By Robert X. Cringely, the host of PBS’s NerdTV (THE NEW YORK TIMES, 01/09/06):
OVER the past two weeks Apple Computer and Dell Computer have recalled approximately six million lithium-ion batteries powering their notebook computers. The batteries, all made by Sony, had an annoying problem: they were prone to explode. While we as consumers might wonder why vendors are selling batteries intended to go in pockets and briefcases that have greater energy storage density than dynamite, recent history actually shows that we’ll accept almost any risk for more power.
Lithium-ion is just the latest in a succession of relatively toxic rechargeable battery technologies, each intended to pack more available electrons in smaller and smaller packages, with li-ion besting the field by a resounding five times, explosions be damned. Earlier rechargeable batteries were mainly nickel-cadmium (these can explode, too, if short-circuited) and nickel-metal-hydride (the most benign rechargeable, these are in your Toyota Prius, natch).
In most li-ion batteries, either overcharging or a manufacturing defect in the plastic membrane separating the battery’s anode and cathode can lead to an explosion that pops the battery’s metal can, releasing steam at up to 600 degrees. If this happened to the computer resting on your knees, it would be a very bad day; fortunately, computers get hot to the touch before they blow. Even deep into writing your conclusion to the Great American Novel, you’d know something was about to happen, believe me.
In a worst-case situation, metallic lithium itself can explode in the battery, causing flame as well as heat. Luckily for Sony, these flamers mainly happen to another battery variety called lithium-polymer, not li-ion.
No one builds batteries expecting them to explode in normal use. But just as Ford knew about the exploding Pinto gas tanks, li-ion battery manufacturers know it’s statistically probable that a small percentage of their cells are going to blow. They still sell these batteries because they’ve calculated that the failures will be few. This is done with something called the M.T.B.F., or mean time between failure.
The way M.T.B.F. is measured has little to do with the way the batteries are used in the real world. It is a sham. A random sample of batteries, say 1,000, are put to use in a target device and operated until one or more fail in service for whatever reason. If it takes 100 hours for the first battery to fail, the M.T.B.F. is set at 100,000 hours — that is, 1,000 times 100, an essentially meaningless formula, but a satisfying number for all concerned, as it implies that if your cellphone were to explode it would most likely do so after thousands of hours of use.
It’s unlikely, however, that your battery will last that long. Li-ion batteries start to age practically from the moment they are made, and hardly ever live past their third birthdays. (When they are dying of old age, the batteries don’t explode, they just stop working.) Three years is only 26,280 hours, suggesting that if we really believe in the M.T.B.F. fairy our li-ion batteries will never explode. But of course they do — often enough that Sony is now eating a roughly $200 million loss to replace six million of them.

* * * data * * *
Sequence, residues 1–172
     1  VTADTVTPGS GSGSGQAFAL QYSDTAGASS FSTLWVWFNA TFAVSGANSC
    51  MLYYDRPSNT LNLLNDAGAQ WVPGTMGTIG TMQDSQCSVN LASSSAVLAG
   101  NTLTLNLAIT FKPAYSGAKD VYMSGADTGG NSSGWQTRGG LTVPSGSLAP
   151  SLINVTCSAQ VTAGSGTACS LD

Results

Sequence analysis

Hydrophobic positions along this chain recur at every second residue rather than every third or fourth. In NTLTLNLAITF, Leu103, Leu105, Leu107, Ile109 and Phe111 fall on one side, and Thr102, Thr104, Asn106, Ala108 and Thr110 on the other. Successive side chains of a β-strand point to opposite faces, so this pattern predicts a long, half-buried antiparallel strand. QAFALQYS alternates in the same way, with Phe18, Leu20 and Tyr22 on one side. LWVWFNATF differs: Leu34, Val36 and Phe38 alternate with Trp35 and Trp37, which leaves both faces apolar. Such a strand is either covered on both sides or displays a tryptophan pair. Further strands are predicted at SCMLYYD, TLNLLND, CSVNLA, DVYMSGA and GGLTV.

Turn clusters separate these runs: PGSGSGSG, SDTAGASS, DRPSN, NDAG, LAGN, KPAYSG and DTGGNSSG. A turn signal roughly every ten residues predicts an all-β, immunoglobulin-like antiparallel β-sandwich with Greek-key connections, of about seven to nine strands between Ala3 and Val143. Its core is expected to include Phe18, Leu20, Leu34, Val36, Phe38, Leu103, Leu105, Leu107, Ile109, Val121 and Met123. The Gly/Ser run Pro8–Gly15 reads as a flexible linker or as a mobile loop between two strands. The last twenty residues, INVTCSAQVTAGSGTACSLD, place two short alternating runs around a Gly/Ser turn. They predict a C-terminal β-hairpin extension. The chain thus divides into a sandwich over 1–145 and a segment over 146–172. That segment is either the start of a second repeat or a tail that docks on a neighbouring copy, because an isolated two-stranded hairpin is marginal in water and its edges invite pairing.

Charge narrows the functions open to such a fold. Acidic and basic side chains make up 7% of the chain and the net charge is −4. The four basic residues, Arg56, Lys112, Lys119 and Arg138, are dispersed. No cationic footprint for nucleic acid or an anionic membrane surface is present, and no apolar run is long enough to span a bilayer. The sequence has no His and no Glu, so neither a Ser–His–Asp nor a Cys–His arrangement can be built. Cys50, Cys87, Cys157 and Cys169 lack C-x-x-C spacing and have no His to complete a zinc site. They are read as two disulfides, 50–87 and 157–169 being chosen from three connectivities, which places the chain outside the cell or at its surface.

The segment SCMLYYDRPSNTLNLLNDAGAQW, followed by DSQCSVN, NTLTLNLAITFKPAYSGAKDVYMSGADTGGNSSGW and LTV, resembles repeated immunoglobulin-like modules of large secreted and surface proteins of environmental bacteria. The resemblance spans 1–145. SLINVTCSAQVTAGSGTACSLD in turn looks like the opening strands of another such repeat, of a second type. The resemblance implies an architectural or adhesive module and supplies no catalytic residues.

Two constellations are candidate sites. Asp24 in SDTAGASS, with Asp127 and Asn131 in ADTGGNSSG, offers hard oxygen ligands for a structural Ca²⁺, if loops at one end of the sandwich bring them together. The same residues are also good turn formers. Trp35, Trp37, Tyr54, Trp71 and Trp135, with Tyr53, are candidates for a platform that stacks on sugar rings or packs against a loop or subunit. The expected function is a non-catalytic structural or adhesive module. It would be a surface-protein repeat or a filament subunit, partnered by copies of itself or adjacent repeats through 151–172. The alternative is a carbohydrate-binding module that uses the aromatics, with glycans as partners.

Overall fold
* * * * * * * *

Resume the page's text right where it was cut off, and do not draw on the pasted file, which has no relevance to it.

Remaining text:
The limited life expectancy of li-ion batteries was a rude shock to buyers of early Apple iPods, which had non-removable li-ion batteries. Silly people — they thought they were buying a device with longevity. Mobile phones have a life expectancy of about 18 months, making them appear to be immune to catastrophic li-ion battery failure, which they aren’t.
One might think that we’d be working on safer technologies, and we are, up to a point. Safer lithium-ion batteries are available, but computer and mobile phone manufacturers, now duking it out in a market based on talk time and battery life, have decided that we don’t really need them. And judging from the reckless way we use these devices while driving cars, the manufacturers are probably correct about our risk tolerance.
It is possible to replace the lithium cobalt oxide cathode material in li-ion batteries with lithiated metal phosphate cathodes that don’t explode and even have a longer shelf life. But for the moment these safer li-ion batteries seem mainly destined for electric cars and other large-capacity applications, where the safety issues are more critical. (Explosive power is in part a function of battery volume. An errant cellphone might burn your hip, but a li-ion hybrid car compromised in a collision might actually kill someone). The fact is that lithiated metal phosphate batteries hold only about 75 percent as much power and we’ve decided (or the li-ion companies have decided for us) that when it comes to talk time we’d rather risk it.
Of course, there are other emerging energy-generating and storage technologies. Ultra-capacitors built with carbon nanotubes look good, if still a few years from the market. We could use fuel cells, but that could require storing compressed and highly explosive hydrogen in your notebook computer. Direct methanol fuel cells could run your mobile phone on vodka but they’d likely leak in your pocket.
It would be glib to claim that we’ll never be happy with any amount of bandwidth or battery life. But each new advance in energy storage seems to offer us a Faustian choice, and we always take the devil’s side: knowledge (talk- or surfing-time) over safety. Thirty percent more talk time with a one-in-10-million risk of burning to death? No problem.
Still, maybe there are limits to our need for speed. If we wait long enough, we’ll have batteries that store energy directly in the protons and neutrons of nuclear isomers like hafnium-178, delivering to our cellphones the energy density of a plutonium bomb.
That ought to be enough.